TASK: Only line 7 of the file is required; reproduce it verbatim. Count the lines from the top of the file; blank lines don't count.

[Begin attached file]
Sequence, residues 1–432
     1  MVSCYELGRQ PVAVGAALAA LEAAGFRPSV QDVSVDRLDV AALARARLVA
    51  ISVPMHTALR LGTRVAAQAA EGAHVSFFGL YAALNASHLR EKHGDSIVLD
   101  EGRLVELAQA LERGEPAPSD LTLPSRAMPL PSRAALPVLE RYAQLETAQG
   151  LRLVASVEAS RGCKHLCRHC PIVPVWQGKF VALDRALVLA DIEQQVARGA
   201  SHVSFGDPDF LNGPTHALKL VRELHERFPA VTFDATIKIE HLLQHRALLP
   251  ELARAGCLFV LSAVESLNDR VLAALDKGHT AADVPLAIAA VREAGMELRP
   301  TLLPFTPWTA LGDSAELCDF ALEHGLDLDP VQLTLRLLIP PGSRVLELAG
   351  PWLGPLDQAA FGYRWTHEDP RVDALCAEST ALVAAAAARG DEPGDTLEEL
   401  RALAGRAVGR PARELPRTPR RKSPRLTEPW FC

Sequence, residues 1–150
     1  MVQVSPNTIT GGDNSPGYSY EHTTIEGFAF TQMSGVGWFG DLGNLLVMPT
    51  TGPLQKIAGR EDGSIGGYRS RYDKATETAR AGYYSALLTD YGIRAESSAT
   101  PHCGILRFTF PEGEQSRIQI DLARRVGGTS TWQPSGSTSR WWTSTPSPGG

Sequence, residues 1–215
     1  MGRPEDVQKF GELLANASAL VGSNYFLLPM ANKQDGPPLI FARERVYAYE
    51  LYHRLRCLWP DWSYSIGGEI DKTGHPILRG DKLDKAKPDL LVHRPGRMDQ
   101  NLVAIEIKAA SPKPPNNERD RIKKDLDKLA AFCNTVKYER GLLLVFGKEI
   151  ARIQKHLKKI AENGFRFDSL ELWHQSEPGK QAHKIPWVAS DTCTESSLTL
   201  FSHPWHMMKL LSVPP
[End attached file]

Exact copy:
   251  ELARAGCLFV LSAVESLNDR VLAALDKGHT AADVPLAIAA VREAGMELRP